Post-drop, the beat shifts into a frenzy of footwork-flavoured kicks, a sudden jet engine of propulsion that not only provides a boost, but also helps break up the track into a kinetic series of vignettes. Later, listeners await the final drop, but instead — after the sub-bass rumble, the scattering of bleeps and crashes promising one last popping refrain — the track falls away into a dreamy coda of fuzzed out keys, the explosive energy that was there depleted as the ship is cast adrift through a space-scape, nebulae and distant galaxies splashed on the void like abstract art.

  • πŸ”” 'Some Say' is taken from Sim Fane's Where She Lived EP. You can download and/or stream the whole thing over on Bandcamp.

Sim Fane Internet Presence ☟
facebooksoundcloudbandcampofficial sitetwitterinstagramspotify

Tuesday, 21 July 2020



Skittering and beset with structured staccato slices of unidentifiable sampling, 'Pkmn Snap' by Aida Skee feels like a cool breeze. What relevance it bears to 1999 N64 title PokΓ©mon Snap isn't immediately obvious, and perhaps there isn't one, but in its simplicity — its lines of airy sampling, sparing and delicate bassline, background ambience — there is something at least in spirit to the game's soundtrack, notably its 'The Young Photographer' theme.

Cheerful without being sunny, sparse without feeling overly lonely, 'Pkmn Snap' similarly conjures an imaginary landscape. Not unsurprising, as the musicmaker themselves revealed to yes/no that Mach Leisure, the beat tape which the track is taken, is inspired at least partly "hiking while listening to Knxwledge, Marvin Gaye, and deep cut '70s R&B." Physical landscapes, and how music enhances or reflects them, play their part.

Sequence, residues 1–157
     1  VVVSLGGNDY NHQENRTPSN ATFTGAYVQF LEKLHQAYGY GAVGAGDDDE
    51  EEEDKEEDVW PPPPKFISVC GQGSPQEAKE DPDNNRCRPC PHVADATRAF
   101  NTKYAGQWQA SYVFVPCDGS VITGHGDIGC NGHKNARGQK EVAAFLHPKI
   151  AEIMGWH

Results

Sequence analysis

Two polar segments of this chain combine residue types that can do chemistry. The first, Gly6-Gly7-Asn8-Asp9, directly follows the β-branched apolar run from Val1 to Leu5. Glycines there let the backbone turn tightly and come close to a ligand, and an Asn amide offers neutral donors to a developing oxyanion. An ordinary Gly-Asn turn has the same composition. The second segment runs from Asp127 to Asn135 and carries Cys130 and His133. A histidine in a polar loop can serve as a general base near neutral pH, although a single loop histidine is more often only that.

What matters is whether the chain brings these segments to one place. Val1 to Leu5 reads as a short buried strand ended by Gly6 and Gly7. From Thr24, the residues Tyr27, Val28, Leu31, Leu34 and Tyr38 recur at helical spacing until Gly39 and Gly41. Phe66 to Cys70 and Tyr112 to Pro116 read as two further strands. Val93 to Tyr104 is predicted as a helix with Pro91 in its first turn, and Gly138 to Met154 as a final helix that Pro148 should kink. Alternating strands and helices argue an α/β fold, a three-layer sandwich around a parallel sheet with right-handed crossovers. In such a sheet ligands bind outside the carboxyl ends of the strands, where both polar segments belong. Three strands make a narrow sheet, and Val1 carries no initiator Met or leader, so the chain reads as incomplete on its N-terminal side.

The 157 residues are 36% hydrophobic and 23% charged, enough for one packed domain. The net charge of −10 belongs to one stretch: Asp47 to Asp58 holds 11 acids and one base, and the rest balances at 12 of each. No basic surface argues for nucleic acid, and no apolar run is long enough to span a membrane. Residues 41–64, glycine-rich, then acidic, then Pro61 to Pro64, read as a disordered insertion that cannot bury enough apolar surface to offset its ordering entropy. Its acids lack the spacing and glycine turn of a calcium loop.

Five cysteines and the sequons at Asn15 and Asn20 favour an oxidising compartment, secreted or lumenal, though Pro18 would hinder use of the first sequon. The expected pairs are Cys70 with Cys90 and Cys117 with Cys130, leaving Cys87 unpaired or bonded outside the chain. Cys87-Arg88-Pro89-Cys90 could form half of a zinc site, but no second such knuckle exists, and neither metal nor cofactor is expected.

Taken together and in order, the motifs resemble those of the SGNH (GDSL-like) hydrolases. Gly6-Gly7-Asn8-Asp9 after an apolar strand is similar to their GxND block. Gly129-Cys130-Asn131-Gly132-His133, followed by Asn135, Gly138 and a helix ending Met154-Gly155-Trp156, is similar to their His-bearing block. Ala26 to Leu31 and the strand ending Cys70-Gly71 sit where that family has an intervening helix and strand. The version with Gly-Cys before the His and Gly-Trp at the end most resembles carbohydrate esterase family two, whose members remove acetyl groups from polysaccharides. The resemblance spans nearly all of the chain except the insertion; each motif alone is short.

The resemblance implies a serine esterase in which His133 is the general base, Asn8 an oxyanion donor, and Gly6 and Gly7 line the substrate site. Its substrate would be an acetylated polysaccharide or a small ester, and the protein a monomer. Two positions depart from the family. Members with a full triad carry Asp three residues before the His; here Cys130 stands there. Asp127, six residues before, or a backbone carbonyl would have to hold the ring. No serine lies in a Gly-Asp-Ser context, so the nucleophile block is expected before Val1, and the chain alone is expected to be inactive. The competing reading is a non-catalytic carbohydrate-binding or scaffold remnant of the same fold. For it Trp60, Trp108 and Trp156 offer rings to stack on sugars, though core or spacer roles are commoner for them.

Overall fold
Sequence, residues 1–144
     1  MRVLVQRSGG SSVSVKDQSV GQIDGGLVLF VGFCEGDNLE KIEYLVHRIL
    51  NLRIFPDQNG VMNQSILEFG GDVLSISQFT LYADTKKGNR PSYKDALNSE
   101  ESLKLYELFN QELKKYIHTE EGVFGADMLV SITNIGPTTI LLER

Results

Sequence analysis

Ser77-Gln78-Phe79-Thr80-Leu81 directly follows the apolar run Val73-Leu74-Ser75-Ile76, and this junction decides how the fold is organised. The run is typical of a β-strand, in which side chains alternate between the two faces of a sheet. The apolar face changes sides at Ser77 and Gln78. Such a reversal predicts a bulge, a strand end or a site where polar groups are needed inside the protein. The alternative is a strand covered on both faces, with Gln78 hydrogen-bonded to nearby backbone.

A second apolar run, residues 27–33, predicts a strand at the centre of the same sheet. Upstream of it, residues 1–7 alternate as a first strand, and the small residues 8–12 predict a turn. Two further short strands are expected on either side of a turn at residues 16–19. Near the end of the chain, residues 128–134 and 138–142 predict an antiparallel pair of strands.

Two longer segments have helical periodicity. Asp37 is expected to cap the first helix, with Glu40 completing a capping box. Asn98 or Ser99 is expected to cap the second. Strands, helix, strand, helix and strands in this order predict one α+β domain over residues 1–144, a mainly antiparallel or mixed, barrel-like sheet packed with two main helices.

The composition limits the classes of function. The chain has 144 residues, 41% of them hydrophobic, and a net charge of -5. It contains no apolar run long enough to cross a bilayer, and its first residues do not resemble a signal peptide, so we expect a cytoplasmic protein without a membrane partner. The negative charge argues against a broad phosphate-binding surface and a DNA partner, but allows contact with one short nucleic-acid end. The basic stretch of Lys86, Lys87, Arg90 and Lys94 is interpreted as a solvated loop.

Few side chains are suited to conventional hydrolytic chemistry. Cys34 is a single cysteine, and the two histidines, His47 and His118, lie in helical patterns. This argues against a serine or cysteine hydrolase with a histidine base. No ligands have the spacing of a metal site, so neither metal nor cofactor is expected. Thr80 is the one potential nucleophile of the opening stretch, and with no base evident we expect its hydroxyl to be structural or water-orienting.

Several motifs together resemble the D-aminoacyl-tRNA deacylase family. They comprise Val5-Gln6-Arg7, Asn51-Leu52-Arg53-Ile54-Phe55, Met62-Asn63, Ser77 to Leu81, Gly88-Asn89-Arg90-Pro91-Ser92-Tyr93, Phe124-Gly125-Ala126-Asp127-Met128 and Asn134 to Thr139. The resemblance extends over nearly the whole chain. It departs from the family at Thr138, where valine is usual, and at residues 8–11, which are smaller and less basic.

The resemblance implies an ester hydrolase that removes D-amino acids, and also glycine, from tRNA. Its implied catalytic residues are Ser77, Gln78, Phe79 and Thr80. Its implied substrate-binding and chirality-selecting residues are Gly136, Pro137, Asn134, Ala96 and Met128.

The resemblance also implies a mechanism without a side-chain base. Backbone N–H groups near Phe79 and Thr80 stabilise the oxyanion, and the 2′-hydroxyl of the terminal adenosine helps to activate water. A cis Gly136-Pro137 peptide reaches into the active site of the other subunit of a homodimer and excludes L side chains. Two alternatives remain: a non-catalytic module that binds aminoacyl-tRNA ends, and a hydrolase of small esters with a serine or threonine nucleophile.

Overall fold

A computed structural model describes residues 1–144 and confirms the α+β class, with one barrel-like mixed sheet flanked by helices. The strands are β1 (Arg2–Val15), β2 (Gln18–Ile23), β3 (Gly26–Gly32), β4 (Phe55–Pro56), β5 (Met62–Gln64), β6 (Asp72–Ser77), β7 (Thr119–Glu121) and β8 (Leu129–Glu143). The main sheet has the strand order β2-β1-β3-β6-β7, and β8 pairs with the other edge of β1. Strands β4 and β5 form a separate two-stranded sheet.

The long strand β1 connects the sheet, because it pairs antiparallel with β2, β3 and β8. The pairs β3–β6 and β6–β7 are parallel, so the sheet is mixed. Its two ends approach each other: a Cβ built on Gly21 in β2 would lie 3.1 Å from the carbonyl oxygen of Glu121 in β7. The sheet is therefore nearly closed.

This musical foundation is noticeable on the rest of the beat tape, which sometimes gloops with vaporwave ooze ('can't see shit'), glitters like the vapor-friendly tracts of nostalgia in title track 'MACH LEISURE', or radiates warmth as in the comforting groove of album closer 'Where to start it'.

Attention to detail comes to the foreground in tracks like 'right' — its beat clicks into something high octane, before samples drop in slowly skewed and bubbling. It's places like this where Aida Skee's process reveals itself, Mach Leisure being a collection of experiments in high BPM tracks that still retain a "relaxing element of R&B sample-based music."

This sense of relaxation is an element throughout that was (probably) sought after and welcomed by the musicmaker themselves. "I made this whole tape while living alone in Montreal, smoking too much legal weed," they say. "The theme is meant to be like attempting to attain relaxation as fast as possible and how that's sort of an oxymoron."

Tricks in tempo aren't the only cocktail that binds Mach Leisure: "The tracks integrate pitched up and pitched down components of the same sampled tracks, use heavily warped or distorted sample components in tandem with non-distorted loops," the producer explains.

That sense of speed, as well as glistening pairings of pitched and non-pitched samples, occurs in 'like relaxing in a car that's going fast' — a title that sums up the whole idea behind the album — and following track, 'Keep me talking', whose sampled flashes and snaps crackle with chaos. In them, the situation of creating the album — not just hiking in the mountains and listening to music, but also weed and panic and paranoia — come into play. It's both a result of, and a cure for, those negative emotions that inspire minds to race and disappear into realms we wished they wouldn't.

Aida Skee Internet Presence ☟

Saturday, 18 July 2020